I welcome suggestions of other resources, and ways to get the word out.  (Disclaimers and Assumptions



Options for new patients

Possible strategy at time of diagnosis

Proceed with diagnostic tests, but wait to start treatment. Invest at least a month in gathering info, diverse medical opinions, and talking to patients farther along the path. Get multiple overviews of treatment options. While doing that, try a diet-based approach.   (Examples include: John McDougall, M.D., www.drmcdougall.com; Gerson Therapy  www.gerson.org), etc.) At the end of the month, repeat the diagnostics.  Assess options based on info gathered and updated test results. Some cancers have been in the body for many years. An extra month or two may not change the eventual outcome.  Repeating the diagnostics at the end of the month, would provide some info on the rate of progression, or digression.

While it's tempting to grab a specific solution right away, getting an overview of your options may actually save you from wasting time on tangents, and increases your odds of picking the right treatments. There is so much information on the web, so many books, so many studies supporting every perspective, it's overwhelming and unclear what to believe.  Family, friends, or paid researchers can help find and filter info. Ask for this help at key decision times.

During this assessment time, improving diet and exercise has little downside, and a number of positives: 1) Health promoting in general, whether or not you pursue conventional treatments. 2) Strengthening likely to help you handle treatments. 3) Stress reducing.  4) Possibly curative.   (Reminder: The leading causes of death in US women are heart disease, followed by cancer, followed by stroke. http://www.cdc.gov/Women/lcod.htm, and that all three appear to be correlated to intake of animal fat.)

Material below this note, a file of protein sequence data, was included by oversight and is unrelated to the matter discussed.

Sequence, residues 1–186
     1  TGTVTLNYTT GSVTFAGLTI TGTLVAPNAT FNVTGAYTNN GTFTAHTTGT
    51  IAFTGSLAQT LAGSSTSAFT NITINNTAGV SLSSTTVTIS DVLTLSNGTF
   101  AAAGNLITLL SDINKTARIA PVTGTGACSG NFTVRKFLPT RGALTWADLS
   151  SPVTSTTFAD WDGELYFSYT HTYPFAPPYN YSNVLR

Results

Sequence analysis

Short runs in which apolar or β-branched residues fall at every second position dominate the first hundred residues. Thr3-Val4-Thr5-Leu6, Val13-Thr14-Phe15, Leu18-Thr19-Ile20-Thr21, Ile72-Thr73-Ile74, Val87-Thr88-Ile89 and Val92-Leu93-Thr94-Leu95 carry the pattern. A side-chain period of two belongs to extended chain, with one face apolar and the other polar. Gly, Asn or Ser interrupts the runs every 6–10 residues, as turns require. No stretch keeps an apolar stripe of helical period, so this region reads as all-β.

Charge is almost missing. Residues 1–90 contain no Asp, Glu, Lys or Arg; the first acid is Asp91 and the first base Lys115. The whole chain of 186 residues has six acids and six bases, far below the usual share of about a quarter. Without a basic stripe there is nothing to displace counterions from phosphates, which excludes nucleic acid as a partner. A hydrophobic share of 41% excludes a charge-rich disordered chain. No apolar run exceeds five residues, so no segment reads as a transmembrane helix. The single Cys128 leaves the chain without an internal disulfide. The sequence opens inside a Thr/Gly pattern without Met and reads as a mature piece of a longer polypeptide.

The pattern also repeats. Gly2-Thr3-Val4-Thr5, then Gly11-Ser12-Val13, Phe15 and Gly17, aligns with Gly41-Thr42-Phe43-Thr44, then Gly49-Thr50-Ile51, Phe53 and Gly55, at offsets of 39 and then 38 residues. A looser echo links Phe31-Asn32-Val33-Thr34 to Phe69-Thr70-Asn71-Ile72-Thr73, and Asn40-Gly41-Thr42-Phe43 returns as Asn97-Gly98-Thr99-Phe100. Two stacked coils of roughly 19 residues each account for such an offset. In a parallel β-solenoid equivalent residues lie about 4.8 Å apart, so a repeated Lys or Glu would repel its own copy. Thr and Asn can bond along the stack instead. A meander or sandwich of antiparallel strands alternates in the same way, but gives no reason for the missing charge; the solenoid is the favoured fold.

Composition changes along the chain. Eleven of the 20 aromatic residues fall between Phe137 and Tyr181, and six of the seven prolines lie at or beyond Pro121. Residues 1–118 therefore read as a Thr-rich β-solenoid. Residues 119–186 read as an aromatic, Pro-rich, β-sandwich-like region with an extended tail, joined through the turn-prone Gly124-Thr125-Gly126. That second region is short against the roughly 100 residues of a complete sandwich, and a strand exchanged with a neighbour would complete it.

Ways to get info early and in a hurry
These resources are a way to get an overview of options with minimal time investment.  A person could potentially watch all these documentaries in a day, and be armed with some good  questions.




Resources
These resources seem worth investigating.

National and International

Other References

Books

Santa Barbara, California

Inflammatory Breast Cancer


Opinions Worth Weighing



Reminders



Ways the partners, family and friends can help



Prognosis - Early and often
Kathleen was not told her prognosis until five days before she died.  The doctor did not volunteer it. Kathleen and I did not ask.  I regret both.  Prior to that, I could not imagine the prognosis changing anything. We were determined to keep fighting.  In retrospect I can see many advantages to hearing the prognosis early and updated often.